Daylight savings time until the shortest day of the year, December 21, is less than two month stretch of time. To me and many here in Minnesota, it feels like forever.
The days get progressively shorter, and many of us leave home before the sun comes out in the morning, and return home after it’s gone down. The shorter days didn’t bother me so much when I was younger and through my college years, but once I started a big girl job and was in an office each day the lack of sunshine and fresh air during this time of year started to really get to me.
That first winter after college was really terrible. I was tired all the time, super irritable, and felt blah on good days and pretty hopeless on bad ones. Even with an office with a huge window with lots of natural light I was out of sorts. I realized if I wanted to be a working adult in Minnesota during the winter, I needed to be intentional about how to deal with effects the more than average darkness was having on my mental health.
After much experimenting, I have a solid list of things that help get me to December 22, when the days start getting longer bit by bit, and out of the winter blues into spring.
Go outside, even when it’s dark
I think when people hear “Winter is terrible for me”, they assume it’s because of the cold. The cold can be unpleasant for sure, but for me it’s the lack of time outside that gets to me rather than the temperature.
Discovering this made me feel a bit hopeless at first. How can I go outside when it’s dark all the time? Easy. Go out in the dark. So obvious, but it didn’t occur to me that if I go running after work all fall, spring and summer long, I can go running after work in the winter too, even though it’s dark. I ordered a reflective vest and headlamp from Amazon and hit the road.
I thought I would feel a little unsafe running in the pitch black, but I don’t at all. I realized my neighborhood functions pretty much the same, just dark. I see lots of other well lit people out running and walking too, and people who drive by still wave. Being able to exercise outside all year long is a life saver. It completely relieves me of the “cooped up” feeling short days can cause, and for that I am very grateful.
Be aware of how temperature affects you, both inside and outside
This seems such a small and petty thing to focus on, but it makes a big difference for me. I don’t like being too hot or too cold, and being uncomfortable due to temperature really impacts my mood and my ability to focus. Again, I feel so whiny and petty admitting this, but it’s the truth.
I make sure to always have what I need to be dressed appropriately. This means doing what parents and grandmothers have told you to do since forever - DRESS IN LAYERS. Or at least have the layers handy.
I always massively bundle up so I won’t get cold walking into work. I wear my dorky (super warm) snow boots and bring my nice work shoes in a separate bag. I always have mittens and a big scarf, and I get great use from the bulky hood on my jacket. I look like a burrito about to make a mountain trek, but at least I don’t start my day off shivering!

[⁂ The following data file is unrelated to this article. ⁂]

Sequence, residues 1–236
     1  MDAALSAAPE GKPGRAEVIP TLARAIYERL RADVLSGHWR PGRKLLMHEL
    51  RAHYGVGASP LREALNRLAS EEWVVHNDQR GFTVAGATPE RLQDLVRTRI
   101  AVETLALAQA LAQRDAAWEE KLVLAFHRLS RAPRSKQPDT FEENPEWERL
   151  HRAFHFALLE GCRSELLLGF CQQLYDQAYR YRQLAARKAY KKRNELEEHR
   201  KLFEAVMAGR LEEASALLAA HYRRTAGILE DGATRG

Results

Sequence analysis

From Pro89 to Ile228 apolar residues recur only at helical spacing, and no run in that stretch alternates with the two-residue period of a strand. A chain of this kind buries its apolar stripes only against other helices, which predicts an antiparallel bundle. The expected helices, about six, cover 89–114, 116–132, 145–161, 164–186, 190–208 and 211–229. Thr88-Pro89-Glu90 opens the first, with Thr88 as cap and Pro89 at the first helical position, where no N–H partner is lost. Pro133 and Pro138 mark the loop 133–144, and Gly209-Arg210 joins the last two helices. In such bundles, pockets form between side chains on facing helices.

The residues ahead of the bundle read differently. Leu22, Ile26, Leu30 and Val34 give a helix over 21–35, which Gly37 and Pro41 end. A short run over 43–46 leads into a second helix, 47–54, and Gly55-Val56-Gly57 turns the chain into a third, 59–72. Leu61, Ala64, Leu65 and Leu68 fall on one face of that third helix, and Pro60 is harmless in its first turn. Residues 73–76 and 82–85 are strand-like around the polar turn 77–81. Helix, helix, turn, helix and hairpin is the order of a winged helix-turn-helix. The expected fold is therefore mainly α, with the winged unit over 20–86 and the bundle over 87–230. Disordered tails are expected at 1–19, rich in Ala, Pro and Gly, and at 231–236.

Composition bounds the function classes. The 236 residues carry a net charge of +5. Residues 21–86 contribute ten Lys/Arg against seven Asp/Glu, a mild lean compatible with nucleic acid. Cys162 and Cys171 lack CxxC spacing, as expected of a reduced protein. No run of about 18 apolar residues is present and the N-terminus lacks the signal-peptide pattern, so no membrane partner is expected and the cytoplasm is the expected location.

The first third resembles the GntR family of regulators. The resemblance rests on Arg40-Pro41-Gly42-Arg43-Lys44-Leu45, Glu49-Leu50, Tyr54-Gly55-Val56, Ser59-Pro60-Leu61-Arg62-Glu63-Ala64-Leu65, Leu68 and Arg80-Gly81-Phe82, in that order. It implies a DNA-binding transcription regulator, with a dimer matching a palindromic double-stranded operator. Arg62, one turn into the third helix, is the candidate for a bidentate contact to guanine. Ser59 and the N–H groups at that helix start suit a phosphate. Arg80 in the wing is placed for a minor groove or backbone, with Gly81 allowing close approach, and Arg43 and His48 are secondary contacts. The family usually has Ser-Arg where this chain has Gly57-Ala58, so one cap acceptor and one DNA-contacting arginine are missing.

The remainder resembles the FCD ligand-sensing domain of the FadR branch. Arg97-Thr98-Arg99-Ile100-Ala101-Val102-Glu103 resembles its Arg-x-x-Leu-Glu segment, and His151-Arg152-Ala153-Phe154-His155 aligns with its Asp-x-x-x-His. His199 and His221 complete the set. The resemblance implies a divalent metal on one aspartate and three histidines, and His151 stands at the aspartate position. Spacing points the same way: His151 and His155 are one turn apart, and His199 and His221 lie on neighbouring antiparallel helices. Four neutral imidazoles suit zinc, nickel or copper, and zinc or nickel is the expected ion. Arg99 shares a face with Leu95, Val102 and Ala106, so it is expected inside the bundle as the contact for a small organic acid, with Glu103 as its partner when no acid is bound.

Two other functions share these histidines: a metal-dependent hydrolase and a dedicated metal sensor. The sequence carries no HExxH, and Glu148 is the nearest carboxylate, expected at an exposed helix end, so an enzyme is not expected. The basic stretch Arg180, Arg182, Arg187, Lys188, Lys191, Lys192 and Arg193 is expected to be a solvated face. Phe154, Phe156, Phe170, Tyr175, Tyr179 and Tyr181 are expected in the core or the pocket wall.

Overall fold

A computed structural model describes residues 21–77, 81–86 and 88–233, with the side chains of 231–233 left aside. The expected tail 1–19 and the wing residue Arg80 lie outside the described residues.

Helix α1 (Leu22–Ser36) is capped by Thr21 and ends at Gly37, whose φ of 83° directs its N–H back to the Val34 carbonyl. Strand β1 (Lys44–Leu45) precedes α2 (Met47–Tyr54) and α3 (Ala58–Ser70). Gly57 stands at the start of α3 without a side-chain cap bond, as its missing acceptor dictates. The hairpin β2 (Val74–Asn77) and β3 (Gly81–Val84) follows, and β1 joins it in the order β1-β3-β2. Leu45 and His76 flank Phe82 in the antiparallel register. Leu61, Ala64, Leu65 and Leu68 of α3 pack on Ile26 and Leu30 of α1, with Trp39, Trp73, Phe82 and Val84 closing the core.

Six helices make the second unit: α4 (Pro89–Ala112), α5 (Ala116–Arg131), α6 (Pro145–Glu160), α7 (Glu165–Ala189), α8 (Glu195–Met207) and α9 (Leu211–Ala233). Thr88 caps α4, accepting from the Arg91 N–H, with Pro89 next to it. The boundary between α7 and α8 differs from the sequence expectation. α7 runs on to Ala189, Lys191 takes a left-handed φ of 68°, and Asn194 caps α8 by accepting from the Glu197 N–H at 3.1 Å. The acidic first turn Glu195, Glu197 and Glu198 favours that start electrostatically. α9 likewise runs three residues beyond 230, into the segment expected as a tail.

The building I work in is over 100 years old, so the temp varies day by day. I, along with several other people, have a work blanket (fleece pashmina scarves or wooly ponchos) and extra sweater handy for then the office gets on the chilly side. I even have a pair of fingerless gloves stashed away somewhere just in case. I usually run on the warmer side, but it’s nice to be prepared so I don’t end up sitting at my desk cranky and shivering.
Sleep, sleep, sleep
One of my favorite lines I’ve ever read is from Tom Rath’s Eat Move Sleep:
It’s important to get enough sleep all year long, but this time of year I pay special attention to getting to bed at a decent time and making the most of my mornings. In the summer, I naturally start to get sleepy and want to get ready for bed when it gets dark out. When it gets dark at 4:30 in the afternoon, I lose track of time and before I know it I’m exhausted and should have gone to bed two hours ago. This makes mornings hard, which makes whole days seem long. Ugh.
I’m always fairly strict about my bedtime routine, but this time of year I follow it religiously. I know I’ll feel happier and be more like myself, and I’ll be much easier to be around for everyone else if I get enough sleep and show up to whatever is happening each day well rested.
Combat loneliness with connection
Do shorter days feel lonely to you, too? Because it’s so cold and dark, it’s easy to just stay inside and be a hermit. Now don’t get me wrong, I love a good hermit day every now and again, but a whole season of cancelling plans is bad for even my introverted psyche.
When I’m feeling blue, I reach out to a friend I haven’t talked to in a while with a text or phone call. I’ll go visit my grandparents, or write someone a letter and hope they’ll be delighted to get something in the mail. Sometimes even throwing the frisbee in the yard for my dog is enough to boost my mood. The key is to not let the lack of daylight isolate you. There’s still lots to do, even if it’s been dark for several hours.
If this time of year has you feeling really low, go get help. The season is too long and the years too short to be feeling lethargic and blue. I hope you enjoy the winter months no matter where you live. And if you live somewhere cold and dark, remember that winter can be really beautiful, too!
Questions: Do you love winter, or spend the colder months wishing for spring? What gives you a boost when you’re experiencing the winter blues? Do you have a work blanket?